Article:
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Illustration: Rebecca Zisser / Axios

Jared Kushner this week was hit with allegations of self-dealing, based on revelations that his family business received large loans from investment firms whose top executives previously met with Kushner in the White House.

Bottom line: This is an appearance of conflict without evidence of actual conflict.

One of the allegations relates to a $184 million floating-rate loan made by Apollo Global Management to Kushner Companies, to refinance the mortgage on an office tower in Chicago.

So let's dig into it:

What is the loan?

The building in question is 225 West Randolph Street, an 850,000 square-foot facility that is fully leased to AT&T through the end of 2022. That date is important because it:

  1. Corresponds to the fully-extended maturity of Apollo's loan; and
  2. Suggests that the loan is based on a viable credit, rather than on some speculative snake oil. If AT&T bails, then Kushner Cos. either finds a new lender or hands the prime West Loop real estate over to Apollo.

To be sure, 225 West Randolph has been a tough investment for the Kushners. They bought it right before the financial crisis, and have repeatedly tried to sell it without success. But a big part of Apollo's model is to get into special situations, and this isn't a particularly sticky wicket by its standards.

The NY Times argues that 225 West Randolph is an out-sized investment for the Apollo fund, noting it is triple the size of typical loans in this particular portfolio.

  • But this ignores that 10 of the portfolio's 35 senior loans are for $100 million or more, including two that top $200 million.
  • Moreover, as the size of the overall fund gets larger — $3.7 billion as of last check — it's reasonable to expect larger loans.
  • "As best as I can tell, there's nothing particularly unusual about this loan," says Glenn Shorr, an equity analyst who covers Apollo for Evercore ISI. "It's fully consistent with what Apollo does."
What is the conflict?

The issue isn't so much the loan itself, so much as that it came after Jared Kushner — who did not fully divest from his family's real estate business — had several meetings and phone calls with Apollo Global Management co-founder and senior managing director Josh Harris.

  • The two also bumped into each other last summer at a party in the Hamptons, which hasn't been previously reported.

Apollo insists that the meetings were purely about policy issues like infrastructure, in which Apollo has expressed investment interests, and that the loan was never discussed. Harris is not on the investment committee nor board of Apollo Commercial Real Estate Finance, the publicly-listed lender in question (although he does help lead parent company Apollo Global Management).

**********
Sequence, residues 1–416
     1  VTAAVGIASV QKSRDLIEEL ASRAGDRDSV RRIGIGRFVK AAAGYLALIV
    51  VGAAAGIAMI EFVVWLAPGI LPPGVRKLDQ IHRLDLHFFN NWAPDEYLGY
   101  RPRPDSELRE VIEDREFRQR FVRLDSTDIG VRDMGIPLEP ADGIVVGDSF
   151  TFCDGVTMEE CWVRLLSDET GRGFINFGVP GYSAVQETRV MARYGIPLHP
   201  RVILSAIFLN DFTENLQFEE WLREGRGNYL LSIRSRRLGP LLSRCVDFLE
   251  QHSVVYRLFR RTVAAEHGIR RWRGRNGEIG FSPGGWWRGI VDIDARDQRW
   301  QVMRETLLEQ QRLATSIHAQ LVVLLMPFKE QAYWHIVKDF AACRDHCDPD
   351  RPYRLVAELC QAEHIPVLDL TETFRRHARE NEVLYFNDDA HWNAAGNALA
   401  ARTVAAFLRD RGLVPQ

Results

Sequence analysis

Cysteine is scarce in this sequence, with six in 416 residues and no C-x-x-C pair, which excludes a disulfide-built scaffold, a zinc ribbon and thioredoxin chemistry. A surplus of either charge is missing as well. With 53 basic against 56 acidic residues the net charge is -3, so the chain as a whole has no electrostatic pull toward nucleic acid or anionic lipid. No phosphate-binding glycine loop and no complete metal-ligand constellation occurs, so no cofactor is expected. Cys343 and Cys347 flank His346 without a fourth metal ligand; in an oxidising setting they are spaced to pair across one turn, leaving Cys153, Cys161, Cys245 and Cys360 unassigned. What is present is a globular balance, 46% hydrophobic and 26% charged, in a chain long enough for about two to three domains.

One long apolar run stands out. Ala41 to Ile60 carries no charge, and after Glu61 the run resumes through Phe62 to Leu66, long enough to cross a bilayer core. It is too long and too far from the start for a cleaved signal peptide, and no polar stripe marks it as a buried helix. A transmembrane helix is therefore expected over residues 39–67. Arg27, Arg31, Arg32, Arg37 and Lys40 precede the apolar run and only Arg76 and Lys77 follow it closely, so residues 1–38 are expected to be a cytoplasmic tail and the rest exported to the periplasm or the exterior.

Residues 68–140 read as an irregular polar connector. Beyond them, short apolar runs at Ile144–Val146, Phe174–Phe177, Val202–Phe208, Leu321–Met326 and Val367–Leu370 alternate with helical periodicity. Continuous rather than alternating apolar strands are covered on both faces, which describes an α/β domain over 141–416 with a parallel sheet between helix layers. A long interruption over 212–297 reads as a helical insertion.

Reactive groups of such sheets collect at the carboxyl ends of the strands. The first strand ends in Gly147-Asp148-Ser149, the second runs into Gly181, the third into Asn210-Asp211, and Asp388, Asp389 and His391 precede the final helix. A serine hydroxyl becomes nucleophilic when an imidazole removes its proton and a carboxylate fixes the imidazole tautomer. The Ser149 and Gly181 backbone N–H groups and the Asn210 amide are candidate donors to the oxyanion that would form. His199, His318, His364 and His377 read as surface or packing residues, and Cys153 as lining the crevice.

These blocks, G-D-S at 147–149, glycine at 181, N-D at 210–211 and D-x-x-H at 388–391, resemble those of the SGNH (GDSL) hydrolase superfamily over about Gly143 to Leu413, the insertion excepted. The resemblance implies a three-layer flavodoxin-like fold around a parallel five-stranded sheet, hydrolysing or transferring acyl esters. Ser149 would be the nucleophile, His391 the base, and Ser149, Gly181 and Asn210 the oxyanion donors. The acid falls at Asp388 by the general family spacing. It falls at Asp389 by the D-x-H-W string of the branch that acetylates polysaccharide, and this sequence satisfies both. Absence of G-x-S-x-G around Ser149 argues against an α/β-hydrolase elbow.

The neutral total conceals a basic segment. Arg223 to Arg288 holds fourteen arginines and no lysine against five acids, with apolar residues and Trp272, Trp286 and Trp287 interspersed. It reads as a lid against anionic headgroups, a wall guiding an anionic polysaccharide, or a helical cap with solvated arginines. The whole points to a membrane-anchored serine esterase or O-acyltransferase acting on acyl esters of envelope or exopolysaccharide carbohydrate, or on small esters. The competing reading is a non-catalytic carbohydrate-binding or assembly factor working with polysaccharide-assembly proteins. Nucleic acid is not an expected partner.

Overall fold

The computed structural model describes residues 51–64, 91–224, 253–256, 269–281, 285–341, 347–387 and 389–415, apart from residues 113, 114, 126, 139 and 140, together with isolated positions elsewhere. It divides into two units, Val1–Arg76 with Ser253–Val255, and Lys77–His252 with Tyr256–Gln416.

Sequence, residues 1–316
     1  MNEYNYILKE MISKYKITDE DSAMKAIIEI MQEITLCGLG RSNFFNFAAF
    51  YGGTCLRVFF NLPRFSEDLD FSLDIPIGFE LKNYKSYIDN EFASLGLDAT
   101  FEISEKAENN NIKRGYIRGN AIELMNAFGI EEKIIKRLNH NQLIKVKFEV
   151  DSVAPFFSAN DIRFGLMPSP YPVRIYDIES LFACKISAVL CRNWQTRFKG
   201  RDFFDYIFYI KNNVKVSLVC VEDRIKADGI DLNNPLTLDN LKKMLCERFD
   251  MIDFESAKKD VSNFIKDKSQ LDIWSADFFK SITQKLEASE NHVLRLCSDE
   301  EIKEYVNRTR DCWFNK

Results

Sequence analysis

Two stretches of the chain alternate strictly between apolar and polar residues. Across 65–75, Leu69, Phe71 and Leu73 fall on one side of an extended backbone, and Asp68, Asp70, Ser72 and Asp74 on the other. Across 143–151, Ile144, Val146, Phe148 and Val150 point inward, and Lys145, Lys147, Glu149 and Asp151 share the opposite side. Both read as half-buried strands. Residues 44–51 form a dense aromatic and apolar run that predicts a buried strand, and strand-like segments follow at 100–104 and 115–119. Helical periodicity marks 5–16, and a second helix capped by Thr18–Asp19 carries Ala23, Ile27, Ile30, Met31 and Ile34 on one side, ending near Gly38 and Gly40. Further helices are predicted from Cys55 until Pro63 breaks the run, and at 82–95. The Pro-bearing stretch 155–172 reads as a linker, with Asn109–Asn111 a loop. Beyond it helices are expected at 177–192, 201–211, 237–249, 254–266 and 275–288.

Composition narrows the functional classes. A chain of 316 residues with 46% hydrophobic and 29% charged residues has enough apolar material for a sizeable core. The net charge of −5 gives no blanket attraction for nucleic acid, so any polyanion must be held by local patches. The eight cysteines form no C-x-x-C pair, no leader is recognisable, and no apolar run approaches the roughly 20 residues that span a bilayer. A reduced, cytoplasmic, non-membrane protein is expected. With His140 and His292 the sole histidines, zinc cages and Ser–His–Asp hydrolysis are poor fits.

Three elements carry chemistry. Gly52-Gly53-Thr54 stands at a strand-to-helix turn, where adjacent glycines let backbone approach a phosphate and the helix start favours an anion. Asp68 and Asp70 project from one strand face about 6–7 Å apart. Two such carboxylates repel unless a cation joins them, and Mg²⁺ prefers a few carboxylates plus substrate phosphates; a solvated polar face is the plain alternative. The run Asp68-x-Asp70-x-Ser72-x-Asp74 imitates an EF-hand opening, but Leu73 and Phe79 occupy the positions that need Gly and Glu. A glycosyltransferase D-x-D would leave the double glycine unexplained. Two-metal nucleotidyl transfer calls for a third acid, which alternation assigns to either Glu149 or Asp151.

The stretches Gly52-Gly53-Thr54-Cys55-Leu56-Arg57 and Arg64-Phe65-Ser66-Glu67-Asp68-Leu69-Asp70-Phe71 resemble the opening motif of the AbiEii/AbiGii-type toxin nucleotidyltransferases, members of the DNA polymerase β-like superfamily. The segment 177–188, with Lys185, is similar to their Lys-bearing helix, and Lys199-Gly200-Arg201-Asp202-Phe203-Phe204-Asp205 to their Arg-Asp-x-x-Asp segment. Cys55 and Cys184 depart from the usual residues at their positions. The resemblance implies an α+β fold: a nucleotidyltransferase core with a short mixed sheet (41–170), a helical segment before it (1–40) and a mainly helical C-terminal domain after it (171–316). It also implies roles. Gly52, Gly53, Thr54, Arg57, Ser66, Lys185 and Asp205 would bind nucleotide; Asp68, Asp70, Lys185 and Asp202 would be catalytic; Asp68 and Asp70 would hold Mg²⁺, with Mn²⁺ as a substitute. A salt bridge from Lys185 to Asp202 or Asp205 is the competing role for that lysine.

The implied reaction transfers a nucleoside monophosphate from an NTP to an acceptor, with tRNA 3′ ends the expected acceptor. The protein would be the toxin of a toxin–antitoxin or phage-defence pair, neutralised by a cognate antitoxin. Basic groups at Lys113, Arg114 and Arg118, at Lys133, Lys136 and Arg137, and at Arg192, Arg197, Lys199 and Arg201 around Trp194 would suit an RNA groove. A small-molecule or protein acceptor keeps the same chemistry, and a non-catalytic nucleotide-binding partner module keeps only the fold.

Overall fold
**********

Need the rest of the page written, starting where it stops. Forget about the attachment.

Moreover, Apollo is hardly the only large investment firm that lends to Kushner Companies. Nor is Citigroup, which also was discussed in the NY Times article. Just look at all of the "partners and lenders" listed on the Kushner Cos. website:

It's almost more unusual for a large real estate lender to not work with Kushner Cos than to work with it.

None of this guarantees that Kushner and Harris didn't discuss some sort of quid pro quo, but there is no evidence that they did and plenty of reason to believe that this loan would have still happened absent a Trump presidency.

But, but, but...

Even if the loan was on the level, it doesn't absolve either Kushner or Apollo of their obliviousness.

  • Kushner's original sin of not fully divesting from his family business makes him an easy mark for conflict of interest charges — just today there's another one — given that his job does require that he meet with captains of industry like Harris.
  • This story is a self-inflicted wound, and was entirely predictable.
  • And investment firms like Apollo need to stop doing business with Kushner or Trump companies so long as this administration is in power, even if that means they can't get their feet back in the door later.

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Silicon Valley may be a "state of mind," but it's also very much a real enclave in Northern California. Now, a growing faction of the tech industry is boycotting it.

Why it matters: The Bay Area is facing for the first time the prospect of losing its crown as the top destination for tech workers and startups — which could have an economic impact on the region and force it to reckon with its local issues.

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As teleworkers flit from city to city, they're creating a huge tax mess.

Why it matters: Our tax laws aren't built for telecommuting, and this new way of working could have dire implications for city and state budgets.

Wanted: New media bosses, everywhere

Illustration: Sarah Grillo/Axios

The Washington Post, Los Angeles Times, Reuters, HuffPost and Wired are all looking for new editors. Soon, The New York Times will be too.

Why it matters: The new hires will reflect a new generation — one that's addicted to technology, demands accountability and expects diversity to be a priority.